Author Archives: Krystle

About Krystle

Former interior designer, mom to two girls that are trying to figure out how this thing called life works, wife to a hubby that loves me, and blogger of my ramblings and design adventures here at Color Transformed Family. It's a busy life but I wouldn't trade it for anything!

A Little About Judah

We’ve been home from china for six almost twelve weeks now. (I started this post at six weeks home but couldn’t bring myself to finish putting my thoughts down until now.) I honestly didn’t expect to go this long before writing another post but up until now I really haven’t had the opportunity to sit down and gather my thoughts and write… ok maybe I have but I’ve been indulging in my favorite pastime… reading.   Let’s just call it maternity leave, lol!

In addition to adjusting to life as a family of five over the past twelve weeks we also moved into our house… seven days after being back in country!  It was crazy and looking back I’m not sure how we did it but it was better than letting Judah adjust to our apartment and then uprooting him and moving into a house a month or two after returning home.

As much as I know you would all love to see pics of Whistle Haven I know you would much rather hear about Judah.  Besides at this point the house isn’t exactly ready for pics.  We still have construction workers coming by on a regular basis and moving boxes scattered all around.  It’s beginning to look like we live there though and it certainly feels like home now.

So Let’s Talk About Judah

Noah for females in Hebrew means “motion”, Esther means “star”, and

Judah means “to praise”.

Both girls have certainly lived up to the meaning of their names and I don’t expect Judah to be any different.  My heart and prayer is for Judah’s life to bring praise to God but I’ve realized over the past twelve weeks that to truly do that I must share where he’s coming from. So that as he overcomes hurdles and learns to work around barriers you will see the need to praise God for all the work that he is doing in and through Judah’s life.  I will be the first to tell you that God has taught me so much already through Judah.  Adoption is by far one of the toughest things (both times) that I have ever done in my life but also (both times) one of the ways that as I look back at my faith I can see the biggest growth and the times when I have clung to the scriptures and the love of God most.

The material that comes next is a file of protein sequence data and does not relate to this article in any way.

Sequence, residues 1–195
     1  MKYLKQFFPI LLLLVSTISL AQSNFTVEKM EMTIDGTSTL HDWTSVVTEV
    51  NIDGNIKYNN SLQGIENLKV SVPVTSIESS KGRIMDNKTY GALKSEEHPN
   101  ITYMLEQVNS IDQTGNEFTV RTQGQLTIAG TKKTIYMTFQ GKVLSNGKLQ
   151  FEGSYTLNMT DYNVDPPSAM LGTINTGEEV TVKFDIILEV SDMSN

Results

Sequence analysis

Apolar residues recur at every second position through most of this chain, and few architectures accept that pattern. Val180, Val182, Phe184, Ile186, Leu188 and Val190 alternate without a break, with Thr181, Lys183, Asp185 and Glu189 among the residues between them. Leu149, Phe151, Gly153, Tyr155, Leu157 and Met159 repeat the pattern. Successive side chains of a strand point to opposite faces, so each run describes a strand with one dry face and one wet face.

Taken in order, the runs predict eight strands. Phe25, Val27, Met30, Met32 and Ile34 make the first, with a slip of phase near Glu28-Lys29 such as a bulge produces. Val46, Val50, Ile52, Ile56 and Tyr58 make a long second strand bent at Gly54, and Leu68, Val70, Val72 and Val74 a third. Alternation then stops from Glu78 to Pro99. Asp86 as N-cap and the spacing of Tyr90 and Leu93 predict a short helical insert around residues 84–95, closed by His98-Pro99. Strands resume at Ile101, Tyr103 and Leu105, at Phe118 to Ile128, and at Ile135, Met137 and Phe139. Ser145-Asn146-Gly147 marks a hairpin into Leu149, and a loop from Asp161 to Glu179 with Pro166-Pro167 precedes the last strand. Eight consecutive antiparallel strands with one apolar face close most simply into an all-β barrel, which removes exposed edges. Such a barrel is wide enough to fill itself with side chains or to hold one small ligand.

Adoption is tough.  As hard as it is for the parents it in no way compares to how difficult it is for the child.  In Judah’s case it has been pure terror and it completely traumatized him for the first eight weeks at home.  Suddenly everything he knew was ripped out from underneath him and he had no idea why.  The only thing that soothed him was Michael Luke and me holding him WHILE walking. If we stopped even for a minute it was more than he could bear. He would almost immediately start biting his thumb and crying.  I don’t mean sucking his thumb like some babies do I mean physically biting. Biting to the point that his thumb was calloused from biting it so much.  In China his nanny told me that he bit his thumb to tell people he was hungry.  I haven’t seen him do that since coming home because I don’t let that sweet boy go hungry but he does bite it when he becomes uncomfortable or is trying to go to sleep.  I can happily share that he doesn’t bite his thumb as much now.  About four weeks ago he started tolerating me holding him while standing still and he doesn’t bite his thumb near as much when trying to go to sleep.  In fact sometimes he just accepts that it is bed time and rolls over and goes to sleep. I am thankful that during this exhausting and tough time of Judah adjusting he doesn’t tolerate his stroller and car seat. So let’s just say we may or may not have driven lots of miles out of our way just to remain in the car and we may or may not have wandered aimlessly around the malls and parks just to fill our time.  It worked though and we are seeing light on the other end of the tunnel now.